Charles T. Johnson had worked for 16 years as a salesman at a Home Depot store in the Fort Lauderdale area, until he was fired in 2004 for failing to show up on the job.
Johnson, who is Black, sued the giant home-building supply chain in a racial discrimination claim over his termination — but lost. He was even ordered to pay the company’s legal costs of $2,922.57, court records show.
Flash forward many years: Johnson has been charged in federal court with cyberstalking and threatening to shoot attorneys at Miami’s Morgan, Lewis & Bockius law firm who represented Home Depot in his labor dispute, according to an indictment and a criminal complaint. Johnson pleaded not guilty at his arraignment Friday in Miami federal court. The public defender’s office, which is representing him, did not respond to a request for comment.
An FBI affidavit filed with the complaint says that Johnson left voicemail messages threatening to injure and kill lawyers at Morgan, Lewis as well employees at Home Depot.
“”You think I like doing this? I don’t,” Johnson said in a Nov. 22, 2020, voicemail left for the lead Morgan, Lewis attorney in his employment lawsuit. “Let it go … cause the only thing that’s gonna happen if I get it, I’m either gonna take it to the media, or I’m gonna go buy me a whole bunch of guns. That’s what you want?”
That same day, Johnson left another voicemail for the Morgan, Lewis lawyer, alluding to mass shootings in schools nationwide and in Las Vegas. “Let it go, because like I said, I understand why people are going and taking these high powered rifles and guns and armament that they use to fight wars. … I understand this [is] why somebody would go in a shopping mall, because of the same bullshit I’m going through, I know they went through it.”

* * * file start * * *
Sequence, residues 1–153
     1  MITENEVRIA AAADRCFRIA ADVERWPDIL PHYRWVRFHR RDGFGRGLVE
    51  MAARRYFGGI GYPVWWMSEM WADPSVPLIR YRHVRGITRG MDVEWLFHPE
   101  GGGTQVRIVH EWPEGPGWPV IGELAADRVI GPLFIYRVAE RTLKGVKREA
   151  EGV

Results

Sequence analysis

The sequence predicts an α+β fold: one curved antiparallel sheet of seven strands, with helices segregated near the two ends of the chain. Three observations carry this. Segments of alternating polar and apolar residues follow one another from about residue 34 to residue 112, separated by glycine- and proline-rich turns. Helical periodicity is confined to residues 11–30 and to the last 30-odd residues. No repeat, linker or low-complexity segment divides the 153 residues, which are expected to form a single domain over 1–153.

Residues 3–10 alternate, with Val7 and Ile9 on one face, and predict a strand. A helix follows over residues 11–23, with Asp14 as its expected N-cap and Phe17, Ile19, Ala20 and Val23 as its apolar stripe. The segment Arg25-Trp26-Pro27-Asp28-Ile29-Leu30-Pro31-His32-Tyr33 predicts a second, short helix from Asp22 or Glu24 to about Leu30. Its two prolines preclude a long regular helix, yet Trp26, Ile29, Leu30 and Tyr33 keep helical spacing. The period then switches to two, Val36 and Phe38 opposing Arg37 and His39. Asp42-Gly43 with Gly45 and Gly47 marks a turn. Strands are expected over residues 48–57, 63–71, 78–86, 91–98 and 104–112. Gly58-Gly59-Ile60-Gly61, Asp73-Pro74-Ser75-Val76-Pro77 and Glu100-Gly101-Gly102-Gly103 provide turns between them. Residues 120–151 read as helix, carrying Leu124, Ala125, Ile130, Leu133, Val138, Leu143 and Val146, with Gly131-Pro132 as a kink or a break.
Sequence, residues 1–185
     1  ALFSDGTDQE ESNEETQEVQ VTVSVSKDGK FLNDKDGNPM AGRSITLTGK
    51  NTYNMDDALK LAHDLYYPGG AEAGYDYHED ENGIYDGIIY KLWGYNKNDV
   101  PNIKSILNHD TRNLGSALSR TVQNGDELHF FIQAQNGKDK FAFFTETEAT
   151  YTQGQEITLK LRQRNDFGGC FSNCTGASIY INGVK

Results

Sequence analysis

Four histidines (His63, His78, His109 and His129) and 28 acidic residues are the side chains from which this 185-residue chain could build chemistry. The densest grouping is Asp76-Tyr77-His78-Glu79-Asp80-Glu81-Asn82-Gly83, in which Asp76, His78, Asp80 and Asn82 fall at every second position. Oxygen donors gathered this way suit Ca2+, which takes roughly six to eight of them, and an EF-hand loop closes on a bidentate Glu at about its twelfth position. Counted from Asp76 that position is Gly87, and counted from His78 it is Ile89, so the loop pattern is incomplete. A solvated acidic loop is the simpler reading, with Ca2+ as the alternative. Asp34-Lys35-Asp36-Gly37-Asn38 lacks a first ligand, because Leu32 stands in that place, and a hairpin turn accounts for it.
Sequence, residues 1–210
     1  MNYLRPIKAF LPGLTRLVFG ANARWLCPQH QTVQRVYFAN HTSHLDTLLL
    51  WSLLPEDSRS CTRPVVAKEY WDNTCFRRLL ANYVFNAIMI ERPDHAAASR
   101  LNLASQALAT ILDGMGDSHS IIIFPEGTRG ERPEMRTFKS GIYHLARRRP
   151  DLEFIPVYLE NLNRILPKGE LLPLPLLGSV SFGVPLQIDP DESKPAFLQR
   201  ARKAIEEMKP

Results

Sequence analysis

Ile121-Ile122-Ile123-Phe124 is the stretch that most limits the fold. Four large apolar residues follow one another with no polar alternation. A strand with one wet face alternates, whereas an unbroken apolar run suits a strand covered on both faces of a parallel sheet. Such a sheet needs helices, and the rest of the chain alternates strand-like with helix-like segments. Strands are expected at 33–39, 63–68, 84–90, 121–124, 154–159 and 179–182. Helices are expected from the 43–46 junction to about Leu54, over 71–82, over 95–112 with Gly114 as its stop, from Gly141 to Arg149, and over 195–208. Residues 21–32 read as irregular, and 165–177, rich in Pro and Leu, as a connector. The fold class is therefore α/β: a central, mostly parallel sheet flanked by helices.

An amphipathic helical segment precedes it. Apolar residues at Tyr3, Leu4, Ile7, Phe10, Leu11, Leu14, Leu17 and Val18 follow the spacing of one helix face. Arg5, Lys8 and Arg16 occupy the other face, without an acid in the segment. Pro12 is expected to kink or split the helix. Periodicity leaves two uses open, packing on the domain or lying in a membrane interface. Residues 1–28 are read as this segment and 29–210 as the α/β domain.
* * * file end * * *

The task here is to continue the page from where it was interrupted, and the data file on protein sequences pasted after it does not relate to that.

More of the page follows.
In total, according to an FBI affidavit, Morgan, Lewis reported in December that Johnson left 60 “harassing” voicemail messages with multiple attorneys at the Brickell Avenue law firm over a one-week period and that Home Depot received similar voicemails from him. Home Depot’s corporate office told FBI agents that Johnson called and left 155 voicemails with numerous company employees over a two-month period.
“I don’t got a whole lot of money to go to the gun store, and you know what I’m saying,” said one message left with a Home Depot employee on Nov. 27, 2020. “They might do something to push me over the edge. You understand where I’m going with this?”
During the FBI investigation, agents obtained a letter dated June 2007 that Johnson had sent to MetLife Insurance Company, which at the time was the benefits administrator for Home Depot. In the letter, Johnson, who had been fired and lost his employment discrimination case, wrote that he “had a plan to kill as many of Home Depot employees as I could and then kill [himself].”
In response, Home Depot issued a “risk protection order” in Broward County, stating that “Johnson was not permitted to have any contact with HD or its employees,” the affidavit says.
What’s not clear from the FBI affidavit is why Johnson, who lives in Lauderhill but is now detained before trial, would start harassing employees at the Morgan, Lewis law firm and Home Depot so many years after he was fired from his job at the Oakland Park store. Johnson also started directing his treats at other targets that were not involved in his employment dispute with Home Depot.
Neither the law firm nor Home Depot returned requests for comment for this story.
In early January of this year, Home Depot’s corporate security contacted the FBI about another threatening voicemail left with a company employee. “Obviously somebody ain’t getting the message. … The Seminole Hard Rock, I’m going to shut them down first. … It’s going to be Seminole Hard Rock then it’s going to be Florida Lottery. … And it’s going to be in that order.”